Management of BaaS Risk to Banks

Whether a BaaS runs afoul of regulations due to greed, mismanagement, or ignorance, the risk to a sponsoring bank can be significant.  Thus, new, specific FT risk management tools and techniques are essential for this aspect of a bank’s FT risk management framework.  At a minimum, it is essential to have the following core elements in a bank’s risk approach:

  • An FT risk management framework that captures key risks for FTs across all risk categories including financial, operational (e.g., IT, failed processes), strategic, legal, and regulatory.
  • Holistic FT due diligence which analyzes potential FT partners across business and risk domains including financial strength, management effectiveness, cyber risk, operational risk, and strategic direction
  • Deep understanding of FT business models and their relationship to the bank’s core business operations, its data, its revenue stream, and the FT’s possible impact to the balance sheet and risk profile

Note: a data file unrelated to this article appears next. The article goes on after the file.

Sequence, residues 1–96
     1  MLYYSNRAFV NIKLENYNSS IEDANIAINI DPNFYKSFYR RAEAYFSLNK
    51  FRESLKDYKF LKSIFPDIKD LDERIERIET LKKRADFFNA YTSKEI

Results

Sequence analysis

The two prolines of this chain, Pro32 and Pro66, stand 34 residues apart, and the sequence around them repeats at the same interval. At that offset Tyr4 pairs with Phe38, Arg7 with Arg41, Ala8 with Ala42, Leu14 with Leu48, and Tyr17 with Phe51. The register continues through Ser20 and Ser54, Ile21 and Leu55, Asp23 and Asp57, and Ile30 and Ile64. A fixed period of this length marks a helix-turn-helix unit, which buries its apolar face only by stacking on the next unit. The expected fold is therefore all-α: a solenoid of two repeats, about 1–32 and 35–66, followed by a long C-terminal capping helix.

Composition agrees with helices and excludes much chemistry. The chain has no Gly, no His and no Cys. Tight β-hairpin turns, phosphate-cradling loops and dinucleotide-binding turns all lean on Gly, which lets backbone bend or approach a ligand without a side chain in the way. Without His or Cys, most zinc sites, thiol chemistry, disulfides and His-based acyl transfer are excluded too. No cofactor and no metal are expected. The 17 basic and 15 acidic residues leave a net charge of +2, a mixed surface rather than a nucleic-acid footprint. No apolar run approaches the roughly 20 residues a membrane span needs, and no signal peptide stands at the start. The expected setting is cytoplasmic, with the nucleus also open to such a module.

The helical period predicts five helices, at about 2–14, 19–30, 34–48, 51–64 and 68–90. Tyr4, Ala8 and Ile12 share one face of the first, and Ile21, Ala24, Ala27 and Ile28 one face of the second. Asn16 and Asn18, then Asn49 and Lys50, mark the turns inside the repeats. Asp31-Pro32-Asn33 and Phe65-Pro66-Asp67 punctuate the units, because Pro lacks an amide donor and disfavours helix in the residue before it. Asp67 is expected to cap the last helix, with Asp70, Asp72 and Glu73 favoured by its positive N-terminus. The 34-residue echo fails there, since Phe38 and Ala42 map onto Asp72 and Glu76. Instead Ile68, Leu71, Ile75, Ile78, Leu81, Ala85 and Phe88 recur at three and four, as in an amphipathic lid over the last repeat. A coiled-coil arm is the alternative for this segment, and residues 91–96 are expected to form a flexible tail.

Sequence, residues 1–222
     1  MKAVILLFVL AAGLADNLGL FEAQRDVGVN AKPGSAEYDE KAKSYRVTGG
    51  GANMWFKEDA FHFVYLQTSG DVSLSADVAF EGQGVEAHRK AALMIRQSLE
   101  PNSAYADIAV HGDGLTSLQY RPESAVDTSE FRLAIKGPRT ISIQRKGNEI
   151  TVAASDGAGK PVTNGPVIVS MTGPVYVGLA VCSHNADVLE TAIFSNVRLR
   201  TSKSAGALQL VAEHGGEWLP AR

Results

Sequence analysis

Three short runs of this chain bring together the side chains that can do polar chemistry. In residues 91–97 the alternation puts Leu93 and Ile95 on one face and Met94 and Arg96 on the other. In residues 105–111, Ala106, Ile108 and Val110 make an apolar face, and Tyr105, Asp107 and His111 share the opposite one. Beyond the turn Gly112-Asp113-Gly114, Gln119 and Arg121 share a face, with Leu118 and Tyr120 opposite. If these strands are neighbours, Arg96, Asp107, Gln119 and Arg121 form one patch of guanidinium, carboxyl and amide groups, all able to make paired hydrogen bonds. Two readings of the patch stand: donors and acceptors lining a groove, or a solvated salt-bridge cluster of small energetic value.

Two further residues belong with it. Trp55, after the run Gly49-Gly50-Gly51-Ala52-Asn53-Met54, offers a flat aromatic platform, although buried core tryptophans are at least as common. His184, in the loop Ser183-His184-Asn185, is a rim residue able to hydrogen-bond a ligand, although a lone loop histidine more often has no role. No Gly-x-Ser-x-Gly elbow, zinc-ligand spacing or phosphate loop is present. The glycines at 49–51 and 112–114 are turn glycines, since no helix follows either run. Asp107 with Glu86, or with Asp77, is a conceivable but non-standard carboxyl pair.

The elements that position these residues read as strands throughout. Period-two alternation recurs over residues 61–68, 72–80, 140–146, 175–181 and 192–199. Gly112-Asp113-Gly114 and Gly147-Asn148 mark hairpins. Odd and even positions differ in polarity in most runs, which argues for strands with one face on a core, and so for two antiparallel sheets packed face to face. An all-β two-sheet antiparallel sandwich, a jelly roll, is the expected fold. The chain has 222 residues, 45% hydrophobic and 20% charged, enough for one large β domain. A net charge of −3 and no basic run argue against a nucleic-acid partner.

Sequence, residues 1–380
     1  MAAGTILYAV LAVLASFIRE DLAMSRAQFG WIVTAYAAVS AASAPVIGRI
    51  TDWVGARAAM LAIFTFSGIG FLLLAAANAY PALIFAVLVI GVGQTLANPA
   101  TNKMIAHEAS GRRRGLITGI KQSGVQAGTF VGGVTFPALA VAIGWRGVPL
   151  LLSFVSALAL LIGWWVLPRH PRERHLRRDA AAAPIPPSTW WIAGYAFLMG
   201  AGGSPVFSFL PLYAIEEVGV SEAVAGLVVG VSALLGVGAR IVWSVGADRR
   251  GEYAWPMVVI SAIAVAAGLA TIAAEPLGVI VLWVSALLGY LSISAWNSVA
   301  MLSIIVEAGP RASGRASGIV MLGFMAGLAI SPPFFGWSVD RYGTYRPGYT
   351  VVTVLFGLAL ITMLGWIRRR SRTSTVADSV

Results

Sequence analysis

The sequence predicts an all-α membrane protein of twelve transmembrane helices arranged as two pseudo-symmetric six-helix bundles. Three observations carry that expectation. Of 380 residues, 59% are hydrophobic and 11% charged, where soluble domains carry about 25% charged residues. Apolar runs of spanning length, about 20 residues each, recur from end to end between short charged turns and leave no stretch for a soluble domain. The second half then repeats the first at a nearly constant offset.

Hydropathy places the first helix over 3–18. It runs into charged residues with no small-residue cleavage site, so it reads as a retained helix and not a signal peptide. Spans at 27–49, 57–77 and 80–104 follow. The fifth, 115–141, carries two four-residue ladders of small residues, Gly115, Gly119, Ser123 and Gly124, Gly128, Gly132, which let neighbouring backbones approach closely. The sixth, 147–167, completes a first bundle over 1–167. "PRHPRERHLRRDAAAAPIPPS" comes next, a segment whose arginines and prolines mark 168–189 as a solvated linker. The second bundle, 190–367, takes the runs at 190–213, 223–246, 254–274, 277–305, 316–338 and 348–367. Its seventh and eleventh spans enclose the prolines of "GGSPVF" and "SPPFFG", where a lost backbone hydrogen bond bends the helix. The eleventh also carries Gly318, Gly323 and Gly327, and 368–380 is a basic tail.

• Ongoing monitoring of a bank’s FT partners across all risk areas using consistent risk scoring, automation, and prioritization of management response through a portfolio risk lens

 The FT risk management framework should include traditional third-party and FT-specific risk management tools that analyze a FT’s financial resilience, cyber security, strategic direction and associated risks, as well as the FT’s legal and regulatory risks that may create potential contagion effects at the bank.

In the due diligence phase, it is crucial to identify and assess a bank’s potential partnership with a FT as well as conduct an analysis of how the FT may potentially create risk concentrations in light of the bank’s risk profile or that of its existing FT partners.  Such an analysis should start with the FT’s intended service, its business model, and the space in which it operates.

Once a FT is onboarded, it is important to continue to manage its risk in isolation and also as a part of the bank’s “portfolio” of FT partners. The portfolio view illuminates risk concentrations, diversification and inter-relationships. This “ongoing monitoring” must occur on a regular cadence and leverage a set of key risk indicators which assess a variety of risk exposures.  As the portfolio of the bank’s FTs grows, automation can help ensure the process remains both accurate and manageable.

In the next article in our series, we will explore an innovative approach for FT risk management including tools that provide customized FT risk assessment methods, a modern FT risk management framework and maturity assessment that is powered by an enterprise risk technology platform, offering intuitive data visualizations and on-going monitoring.